“I shall punish no one; I want to
(Napoleon before leaving Elba, 1815)*
It is often said that the child is the father of the man. As a small boy, Napoleon was pugnacious and feisty, but he had a marked sense of justice and a strong loyalty to his family. He was also very open-handed. Cronin remarks that: “He had a generous nature and would share his toys and sweets with other children without asking a return.” 1 A lot of nonsense has been written about Napoleon having had few friends. In fact, he had many friends throughout his life and he never forgot them. Above all else, he never forgot a kindness shown towards him.
Eleanor Roosevelt said that: “The basis of all good human behaviour is kindness.” 2 Napoleon instinctively knew that and, on many occasions, he demonstrated it with great liberality and genuine personal warmth.
For the women in Napoleon's life the look of love became the luck of love, for he was generous to them all. To his old wet-nurse, Napoleon returned the milk of human kindness. Corsican Camilla had doted on him as a baby and became an honorary member of the Bonaparte clan. She was very religious and when Pope Pius VII came to Paris to crown Napoleon Emperor, she begged to see him. Napoleon dutifully arranged it. Camilla's little Napoleone did her proud. How many divine right monarchs would have personally dealt with such a matter – and for a mere commoner? 3
For his mother, Madame Mere, Napoleon had the utmost respect. She had already had thirteen children by the age of 34 when her husband Carlo died – only eight survived. She was faithful to his memory for the rest of her long life. Stern but loving, her nature was reflected in Napoleon's own behaviour. She was also very careful with money, a trait her son shared.
When he heard of the death of Carlo, Napoleon wrote to console his mother:
Only today has calmed my first sorrow a little, and I hasten to tell you how grateful I am for all the kindness you have shown us. Be consoled, dear mother, circumstances demand it. We shall redouble our attention and our kindness to you, and we shall be happy if by our obedience we can to some extent make up for your dreadful loss of a dear husband... Your affectionate son Napoleon di Buonaparte.” 4
The writer was just fifteen years old.
When he met Caroline du Colombier in Valence, the youthful Napoleon found that his young heart was bursting. Still very shy, it remained a platonic relationship. In 1792 she married a retired army captain and went to Lyon. He did not to see her for twenty years, then, in 1805 he got a letter from her. The once gauche young suitor was about to be crowned King of Italy. Nevertheless, he found time to meet her at Lyon on his way to Milan. As Kemble relates: “In later years her husband was granted an official government post, her brother a lieutenancy, and Caroline herself was appointed lady-in-waiting to Madame Mere. In 1810 her husband was made a Baron of the Empire.” 5 Not a bad return for a few stolen kisses.
Another early flame was Mademoiselle de Lauberie de Saint-Germain. Many years later, she too was made a lady-in-waiting, this time to the Empress and her husband was made a Count. Napoleon liked to be surrounded by people he knew, and particularly dear to him were the friends and loves of his youth. 6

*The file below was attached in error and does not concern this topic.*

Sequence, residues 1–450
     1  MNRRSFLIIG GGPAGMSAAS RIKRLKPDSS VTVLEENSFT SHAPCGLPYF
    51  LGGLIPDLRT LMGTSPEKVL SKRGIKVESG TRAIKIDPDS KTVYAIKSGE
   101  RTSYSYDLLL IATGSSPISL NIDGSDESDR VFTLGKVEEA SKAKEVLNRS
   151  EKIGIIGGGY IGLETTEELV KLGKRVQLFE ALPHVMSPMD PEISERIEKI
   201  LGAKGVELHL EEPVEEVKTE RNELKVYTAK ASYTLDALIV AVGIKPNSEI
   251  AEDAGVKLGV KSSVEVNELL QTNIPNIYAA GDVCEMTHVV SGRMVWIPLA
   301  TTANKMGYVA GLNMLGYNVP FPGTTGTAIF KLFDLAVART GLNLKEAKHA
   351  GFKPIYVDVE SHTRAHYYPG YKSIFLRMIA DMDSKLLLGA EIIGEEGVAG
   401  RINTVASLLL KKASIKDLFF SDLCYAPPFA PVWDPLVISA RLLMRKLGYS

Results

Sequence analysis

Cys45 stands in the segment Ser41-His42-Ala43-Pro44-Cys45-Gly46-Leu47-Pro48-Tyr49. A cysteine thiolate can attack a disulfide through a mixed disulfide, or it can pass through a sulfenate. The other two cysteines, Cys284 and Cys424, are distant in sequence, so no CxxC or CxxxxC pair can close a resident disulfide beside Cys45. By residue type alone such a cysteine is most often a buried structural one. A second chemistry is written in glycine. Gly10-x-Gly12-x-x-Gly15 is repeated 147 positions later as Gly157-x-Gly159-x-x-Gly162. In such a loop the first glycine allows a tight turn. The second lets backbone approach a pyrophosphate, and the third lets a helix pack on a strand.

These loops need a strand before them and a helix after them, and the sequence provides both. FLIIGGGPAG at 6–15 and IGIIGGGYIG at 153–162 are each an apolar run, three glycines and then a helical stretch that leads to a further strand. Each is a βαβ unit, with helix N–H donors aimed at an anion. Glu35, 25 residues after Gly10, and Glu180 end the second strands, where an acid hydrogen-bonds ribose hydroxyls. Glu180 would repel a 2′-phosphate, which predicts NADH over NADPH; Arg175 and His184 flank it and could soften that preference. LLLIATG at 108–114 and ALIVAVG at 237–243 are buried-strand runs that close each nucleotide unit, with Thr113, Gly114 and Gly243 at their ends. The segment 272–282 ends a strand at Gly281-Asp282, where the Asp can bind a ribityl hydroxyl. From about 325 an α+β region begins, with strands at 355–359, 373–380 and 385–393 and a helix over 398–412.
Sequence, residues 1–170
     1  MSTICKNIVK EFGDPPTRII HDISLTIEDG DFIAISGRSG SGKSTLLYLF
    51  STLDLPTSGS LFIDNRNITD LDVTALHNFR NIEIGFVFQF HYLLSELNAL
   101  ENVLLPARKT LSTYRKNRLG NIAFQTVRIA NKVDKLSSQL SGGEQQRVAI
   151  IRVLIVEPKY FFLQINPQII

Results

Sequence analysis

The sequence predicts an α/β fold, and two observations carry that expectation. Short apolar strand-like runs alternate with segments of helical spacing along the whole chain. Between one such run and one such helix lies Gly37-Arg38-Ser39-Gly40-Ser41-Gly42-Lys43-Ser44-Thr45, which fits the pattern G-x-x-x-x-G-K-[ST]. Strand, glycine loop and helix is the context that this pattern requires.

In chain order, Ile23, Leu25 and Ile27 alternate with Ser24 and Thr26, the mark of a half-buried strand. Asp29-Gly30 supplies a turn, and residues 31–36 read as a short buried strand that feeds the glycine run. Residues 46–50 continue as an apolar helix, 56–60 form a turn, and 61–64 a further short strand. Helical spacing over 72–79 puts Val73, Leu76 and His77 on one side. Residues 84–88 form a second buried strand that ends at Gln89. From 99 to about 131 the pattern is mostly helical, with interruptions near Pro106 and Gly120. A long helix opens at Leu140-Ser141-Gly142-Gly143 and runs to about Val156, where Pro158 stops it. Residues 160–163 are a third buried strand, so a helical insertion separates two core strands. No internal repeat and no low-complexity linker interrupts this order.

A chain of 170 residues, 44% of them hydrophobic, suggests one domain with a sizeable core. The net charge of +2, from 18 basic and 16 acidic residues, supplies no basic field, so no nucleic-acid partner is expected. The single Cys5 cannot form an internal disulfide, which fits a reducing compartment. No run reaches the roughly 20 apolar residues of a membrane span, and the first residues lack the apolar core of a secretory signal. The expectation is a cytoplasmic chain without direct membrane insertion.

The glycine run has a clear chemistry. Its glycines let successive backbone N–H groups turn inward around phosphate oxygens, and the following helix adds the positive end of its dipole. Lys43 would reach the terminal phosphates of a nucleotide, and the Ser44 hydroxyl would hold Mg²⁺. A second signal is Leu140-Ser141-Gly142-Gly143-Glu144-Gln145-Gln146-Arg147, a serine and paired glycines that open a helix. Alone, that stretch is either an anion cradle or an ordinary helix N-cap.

His best friend at the Ecole Militaire in Paris was Alexandre Des Mazis. He was a year older than Napoleon and his drill instructor. After the storming of the Bastille, Alexandre became an émigré. Years later, on 26 April 1802, Napoleon granted an amnesty to Frenchmen living abroad. Forty thousand émigrés returned, and Alexandre was amongst them. Cronin says: “Guessing he was penniless, Napoleon sent him a treasury bill for 10,000 francs and a word in his own hand: ‘Des Mazis, you lent me money once, now it is my turn.' ” 7
Napoleon demonstrated his physical bravery long before he went to war. In 1792, on a hot day in August, he was a witness to the massacre of the Swiss Guards at the Tuileries palace. The National Guard went on the rampage slaughtering up to 800 men. Sickened at the sight of well-dressed women abusing the bodies, Napoleon saw men from Marseille killing the survivors in cold blood. When one of them pointed a musket at a helpless victim, Napoleon intervened: “‘You're from the south? So am I. Let's save this wretch.' The Marseillais either from shame or pity, dropped his musket, and on that day of blood one life at least was saved.” 8
This courageous action encapsulates the essence of Napoleon. It demonstrates his sense of justice, his hatred of the mob, his feeling for his fellow man, and his incipient qualities of leadership. Despite all the slanderous words written about his supposed blood-thirsty nature, he was often deeply moved by the butcher's bill after a great battle – usually caused by subsidies from the English Cabinet – and equally, at the plight of an individual caught in the cross-hairs of a seeming implacable fate.
Robespierre was to opine that: “Clemency is barbarous,” 9 while as First Consul and then Emperor, Napoleon offered clemency even to barbarians – men who would be classed as traitors and rebels by the majority of his fellow citizens.